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May 21, 2007

Green Zone As Metaphor

Iraq-Parliament-Attack

Yesterday, I commented on a NYT WIR piece about the “fuzzyness” involved in defining the Iraqi picture.

Thinking about it overnight, I have to differ.  Censorship and limited access to battle zones not withstanding, I think more and more definitive evidence — at least, of a visual kind — has been showing up for weeks now. Take the photo above, for example.  If you don’t recognize it, it was taken on April 12th in the cafeteria of the Iraqi Parliament following a suicide bombing on premises.

This shot is not just the record of a single incident.  Rather, it is an iconic image, representative of two things:  1.) The inherent vulnerability of the inner sanctum of America’s primary security zone, and  2.) The inability of the Americans to absolutely secure a single make-or-break piece of Iraqi real estate.

Without following the daily Green Zone report, I know that The Green Zone was hit twelve days ago, while Dick Cheney was in the complex, supposedly offering some steadying influence.  The Green Zone was also hit three times in three days, culminating with a substantial attack on the U.S. military base in Taji eight days ago.

One thing that makes an image an icon is the ability to extrapolate the general from the specific, and then offer conclusions.  Is it simply coincidence this photo, like the image The Times published with its story yesterday, is defined by obscurity, cataclysm, and the inability to even tell night from day?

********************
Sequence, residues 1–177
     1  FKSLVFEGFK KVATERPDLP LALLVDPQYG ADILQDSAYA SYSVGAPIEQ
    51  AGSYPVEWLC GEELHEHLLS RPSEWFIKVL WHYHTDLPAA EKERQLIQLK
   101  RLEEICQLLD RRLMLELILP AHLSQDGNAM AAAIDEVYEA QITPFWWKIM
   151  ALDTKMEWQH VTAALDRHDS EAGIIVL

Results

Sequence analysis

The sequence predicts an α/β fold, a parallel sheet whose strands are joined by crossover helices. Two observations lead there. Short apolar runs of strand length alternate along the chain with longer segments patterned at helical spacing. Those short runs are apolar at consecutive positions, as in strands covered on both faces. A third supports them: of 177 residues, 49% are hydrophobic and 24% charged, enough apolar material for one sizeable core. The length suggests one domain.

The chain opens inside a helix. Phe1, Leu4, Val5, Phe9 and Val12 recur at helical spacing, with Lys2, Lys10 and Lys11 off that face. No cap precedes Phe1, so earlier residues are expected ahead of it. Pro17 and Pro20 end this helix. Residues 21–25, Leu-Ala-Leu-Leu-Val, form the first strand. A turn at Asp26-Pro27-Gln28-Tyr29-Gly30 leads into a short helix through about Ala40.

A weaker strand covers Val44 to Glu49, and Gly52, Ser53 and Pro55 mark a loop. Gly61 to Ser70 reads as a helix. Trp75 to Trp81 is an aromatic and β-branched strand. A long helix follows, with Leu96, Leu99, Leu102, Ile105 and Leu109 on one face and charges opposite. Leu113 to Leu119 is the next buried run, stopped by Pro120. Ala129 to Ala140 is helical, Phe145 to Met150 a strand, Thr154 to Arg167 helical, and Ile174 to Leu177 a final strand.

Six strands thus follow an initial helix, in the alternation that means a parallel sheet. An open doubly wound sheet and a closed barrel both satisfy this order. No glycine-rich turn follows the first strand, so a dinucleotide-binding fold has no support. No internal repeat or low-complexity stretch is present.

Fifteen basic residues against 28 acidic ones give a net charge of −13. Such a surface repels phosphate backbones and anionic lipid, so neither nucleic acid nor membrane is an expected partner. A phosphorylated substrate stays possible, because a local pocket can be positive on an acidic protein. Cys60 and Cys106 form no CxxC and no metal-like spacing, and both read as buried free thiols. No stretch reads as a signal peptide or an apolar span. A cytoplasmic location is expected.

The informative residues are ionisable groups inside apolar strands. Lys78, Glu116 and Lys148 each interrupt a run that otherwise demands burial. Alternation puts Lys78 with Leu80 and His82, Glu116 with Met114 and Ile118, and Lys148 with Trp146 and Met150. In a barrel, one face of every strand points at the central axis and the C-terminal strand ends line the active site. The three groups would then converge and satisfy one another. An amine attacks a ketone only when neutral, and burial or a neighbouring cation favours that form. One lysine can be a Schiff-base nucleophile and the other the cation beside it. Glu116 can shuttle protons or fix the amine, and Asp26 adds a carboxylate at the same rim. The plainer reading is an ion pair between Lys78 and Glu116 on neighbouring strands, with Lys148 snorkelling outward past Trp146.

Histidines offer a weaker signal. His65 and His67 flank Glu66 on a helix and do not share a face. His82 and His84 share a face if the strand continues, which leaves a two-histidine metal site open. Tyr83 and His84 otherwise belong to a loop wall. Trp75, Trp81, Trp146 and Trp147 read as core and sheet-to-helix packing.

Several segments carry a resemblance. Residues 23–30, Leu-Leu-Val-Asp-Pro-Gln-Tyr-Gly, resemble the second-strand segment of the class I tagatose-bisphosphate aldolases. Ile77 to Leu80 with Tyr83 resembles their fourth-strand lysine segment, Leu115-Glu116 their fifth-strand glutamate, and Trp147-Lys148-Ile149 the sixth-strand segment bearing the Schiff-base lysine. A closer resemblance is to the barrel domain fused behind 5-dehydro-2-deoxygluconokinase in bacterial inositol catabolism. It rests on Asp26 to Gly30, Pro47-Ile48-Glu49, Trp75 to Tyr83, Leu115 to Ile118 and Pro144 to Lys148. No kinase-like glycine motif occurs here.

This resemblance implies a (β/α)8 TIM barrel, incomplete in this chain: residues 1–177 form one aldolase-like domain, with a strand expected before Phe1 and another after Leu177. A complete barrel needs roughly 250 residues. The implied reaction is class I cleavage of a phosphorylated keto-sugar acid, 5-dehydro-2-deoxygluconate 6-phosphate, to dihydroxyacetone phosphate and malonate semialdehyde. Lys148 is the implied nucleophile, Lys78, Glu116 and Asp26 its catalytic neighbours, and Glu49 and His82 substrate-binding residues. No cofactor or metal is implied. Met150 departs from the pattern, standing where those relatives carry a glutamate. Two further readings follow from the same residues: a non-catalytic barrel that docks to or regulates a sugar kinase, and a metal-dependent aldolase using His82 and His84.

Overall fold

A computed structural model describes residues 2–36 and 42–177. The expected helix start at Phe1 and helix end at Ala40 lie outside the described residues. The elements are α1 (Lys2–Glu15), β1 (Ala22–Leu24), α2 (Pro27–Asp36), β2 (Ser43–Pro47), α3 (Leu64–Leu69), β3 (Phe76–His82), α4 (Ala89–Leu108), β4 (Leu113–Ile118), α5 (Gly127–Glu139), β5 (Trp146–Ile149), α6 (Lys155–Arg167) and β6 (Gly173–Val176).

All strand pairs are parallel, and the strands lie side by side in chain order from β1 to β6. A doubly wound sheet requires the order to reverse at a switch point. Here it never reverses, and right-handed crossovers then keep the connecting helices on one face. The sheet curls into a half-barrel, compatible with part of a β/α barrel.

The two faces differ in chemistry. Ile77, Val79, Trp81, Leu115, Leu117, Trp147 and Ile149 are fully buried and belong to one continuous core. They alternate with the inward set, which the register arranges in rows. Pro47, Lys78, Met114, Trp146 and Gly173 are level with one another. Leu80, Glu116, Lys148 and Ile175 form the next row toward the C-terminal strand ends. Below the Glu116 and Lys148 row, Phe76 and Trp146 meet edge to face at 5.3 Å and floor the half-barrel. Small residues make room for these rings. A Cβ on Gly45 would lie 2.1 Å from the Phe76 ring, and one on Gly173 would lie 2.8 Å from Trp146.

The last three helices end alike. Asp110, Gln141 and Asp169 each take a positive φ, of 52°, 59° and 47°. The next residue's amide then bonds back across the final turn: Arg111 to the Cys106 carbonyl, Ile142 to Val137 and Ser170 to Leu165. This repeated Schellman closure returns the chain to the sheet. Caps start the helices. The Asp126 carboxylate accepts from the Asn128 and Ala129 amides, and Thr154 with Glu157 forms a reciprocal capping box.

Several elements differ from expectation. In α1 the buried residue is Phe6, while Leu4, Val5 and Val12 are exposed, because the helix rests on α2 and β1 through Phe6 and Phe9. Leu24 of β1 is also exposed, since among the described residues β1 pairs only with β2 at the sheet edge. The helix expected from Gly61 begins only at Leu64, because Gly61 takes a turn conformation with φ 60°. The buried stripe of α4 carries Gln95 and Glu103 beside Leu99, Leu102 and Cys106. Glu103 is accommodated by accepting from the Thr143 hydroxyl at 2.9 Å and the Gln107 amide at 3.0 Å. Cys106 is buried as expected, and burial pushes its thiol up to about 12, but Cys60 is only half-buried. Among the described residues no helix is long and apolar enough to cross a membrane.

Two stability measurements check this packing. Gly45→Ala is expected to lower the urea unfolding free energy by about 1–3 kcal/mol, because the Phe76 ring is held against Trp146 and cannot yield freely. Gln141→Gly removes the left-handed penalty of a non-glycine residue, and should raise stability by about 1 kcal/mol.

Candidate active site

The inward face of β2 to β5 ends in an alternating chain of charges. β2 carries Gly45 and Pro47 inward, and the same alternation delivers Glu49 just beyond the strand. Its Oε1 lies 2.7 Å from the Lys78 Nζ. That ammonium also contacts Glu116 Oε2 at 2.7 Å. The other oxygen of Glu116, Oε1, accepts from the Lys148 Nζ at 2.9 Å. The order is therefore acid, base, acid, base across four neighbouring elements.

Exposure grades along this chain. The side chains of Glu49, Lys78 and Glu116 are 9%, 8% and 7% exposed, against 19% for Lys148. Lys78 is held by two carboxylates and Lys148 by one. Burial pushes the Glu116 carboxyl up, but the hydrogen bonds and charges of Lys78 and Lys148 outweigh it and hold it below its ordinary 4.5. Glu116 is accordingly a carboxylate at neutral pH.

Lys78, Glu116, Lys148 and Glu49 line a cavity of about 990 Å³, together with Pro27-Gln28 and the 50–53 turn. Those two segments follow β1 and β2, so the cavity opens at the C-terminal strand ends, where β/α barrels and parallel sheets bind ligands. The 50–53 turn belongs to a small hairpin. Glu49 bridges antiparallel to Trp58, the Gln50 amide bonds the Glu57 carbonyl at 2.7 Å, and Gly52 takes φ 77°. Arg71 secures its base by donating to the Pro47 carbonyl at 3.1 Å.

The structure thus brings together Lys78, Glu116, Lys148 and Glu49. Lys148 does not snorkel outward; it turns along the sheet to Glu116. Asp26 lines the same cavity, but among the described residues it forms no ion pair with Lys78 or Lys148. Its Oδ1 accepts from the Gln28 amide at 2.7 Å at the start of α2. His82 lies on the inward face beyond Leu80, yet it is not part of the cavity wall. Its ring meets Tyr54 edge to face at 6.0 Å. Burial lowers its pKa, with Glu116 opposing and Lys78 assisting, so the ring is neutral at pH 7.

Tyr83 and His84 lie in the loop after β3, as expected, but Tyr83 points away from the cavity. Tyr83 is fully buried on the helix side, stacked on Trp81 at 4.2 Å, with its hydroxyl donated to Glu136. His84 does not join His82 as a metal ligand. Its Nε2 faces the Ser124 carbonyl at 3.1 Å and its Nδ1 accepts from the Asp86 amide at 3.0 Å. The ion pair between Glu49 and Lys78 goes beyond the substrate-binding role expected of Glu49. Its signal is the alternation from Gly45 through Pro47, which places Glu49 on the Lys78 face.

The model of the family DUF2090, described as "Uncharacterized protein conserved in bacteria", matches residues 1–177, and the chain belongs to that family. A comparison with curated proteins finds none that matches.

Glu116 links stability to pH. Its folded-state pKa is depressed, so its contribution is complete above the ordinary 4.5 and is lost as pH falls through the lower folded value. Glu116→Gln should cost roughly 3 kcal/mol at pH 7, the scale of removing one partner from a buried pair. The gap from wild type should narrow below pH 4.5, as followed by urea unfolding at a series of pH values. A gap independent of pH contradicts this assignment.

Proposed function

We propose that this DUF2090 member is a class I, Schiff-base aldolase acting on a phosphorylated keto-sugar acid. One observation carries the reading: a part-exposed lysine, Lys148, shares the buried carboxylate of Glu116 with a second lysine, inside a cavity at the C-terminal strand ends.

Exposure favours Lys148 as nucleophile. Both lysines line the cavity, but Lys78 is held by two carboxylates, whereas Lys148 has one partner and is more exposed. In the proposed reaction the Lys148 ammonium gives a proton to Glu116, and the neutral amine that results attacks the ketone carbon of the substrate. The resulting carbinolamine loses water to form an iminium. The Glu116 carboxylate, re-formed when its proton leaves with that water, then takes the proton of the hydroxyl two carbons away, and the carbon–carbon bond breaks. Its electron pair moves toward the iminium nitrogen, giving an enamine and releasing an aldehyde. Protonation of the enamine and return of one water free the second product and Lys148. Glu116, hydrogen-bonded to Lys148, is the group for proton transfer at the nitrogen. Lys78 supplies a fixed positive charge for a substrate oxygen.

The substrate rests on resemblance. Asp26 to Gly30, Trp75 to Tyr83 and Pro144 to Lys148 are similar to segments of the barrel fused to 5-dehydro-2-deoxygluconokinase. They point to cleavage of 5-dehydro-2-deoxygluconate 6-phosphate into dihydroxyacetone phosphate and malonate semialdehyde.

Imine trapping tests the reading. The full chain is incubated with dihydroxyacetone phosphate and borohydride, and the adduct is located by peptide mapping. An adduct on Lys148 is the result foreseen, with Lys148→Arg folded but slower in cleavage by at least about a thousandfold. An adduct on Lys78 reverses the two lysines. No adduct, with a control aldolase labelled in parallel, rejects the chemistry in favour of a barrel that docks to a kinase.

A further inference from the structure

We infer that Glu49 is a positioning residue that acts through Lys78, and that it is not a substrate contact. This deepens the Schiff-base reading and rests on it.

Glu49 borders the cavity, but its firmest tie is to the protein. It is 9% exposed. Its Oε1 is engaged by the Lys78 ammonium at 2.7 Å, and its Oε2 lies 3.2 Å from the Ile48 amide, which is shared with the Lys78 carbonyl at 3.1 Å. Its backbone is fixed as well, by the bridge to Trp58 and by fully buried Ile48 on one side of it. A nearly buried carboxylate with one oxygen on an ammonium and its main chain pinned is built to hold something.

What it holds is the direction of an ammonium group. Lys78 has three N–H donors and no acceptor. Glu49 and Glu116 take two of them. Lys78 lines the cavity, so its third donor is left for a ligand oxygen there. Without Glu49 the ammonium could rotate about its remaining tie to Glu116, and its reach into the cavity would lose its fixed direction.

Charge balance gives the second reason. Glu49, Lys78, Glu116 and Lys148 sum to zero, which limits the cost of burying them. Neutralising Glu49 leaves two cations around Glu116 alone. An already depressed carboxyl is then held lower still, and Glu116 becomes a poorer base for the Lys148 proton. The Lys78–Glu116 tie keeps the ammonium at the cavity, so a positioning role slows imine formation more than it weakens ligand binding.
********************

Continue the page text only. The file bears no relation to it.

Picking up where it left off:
Once the goal in Iraq was the security of hearts and minds. Now viability rests on the ability to secure a couple of neighborhoods.  How do you make that argument, however, when you cannot secure this single place?

(image: A.P. TV/A.P. Baghdad. April 12, 2007. via YahooNews)

  • Aunt Deb

    Thanks for this picture. I’ve been wondering at the sniping being done at the Iraqi parliament for ‘taking a vacation’ this summer. As though our own Congress doesn’t do the same. And our own Congress does not have to contend with bombs in the cafetaria and assassinations on the way to work. Furthermore, such ’service’ to the country here earns Congress members health care, pensions, and lifelong esteem. In Iraq, the effect of such service is most likely to shorten one’s life and that of one’s family. As for esteem, well, look at how many Americans sneer at these people whenever they happen to think of them.

  • bluecheese

    “2.) The inability of the Americans to absolutely secure a single make-or-break piece of Iraqi real estate.”
    While this “piece” is in the green zone, the Iraqi’s are responsible for it’s security, they have been for some time.
    If you want a clearer picture, go to Bill Roggio to read about the positive developments in Anbar.

  • ummabdulla

    They look like they’re in a smoky theatre.
    Here’s a Warden’s message from the American Embassy in Kuwait, ordering any Americans in the Green Zone to restrict their movement, avoid congregating outdoors, and wear protective gear if they’re going to be outside for long. Sounds like things are peachy there.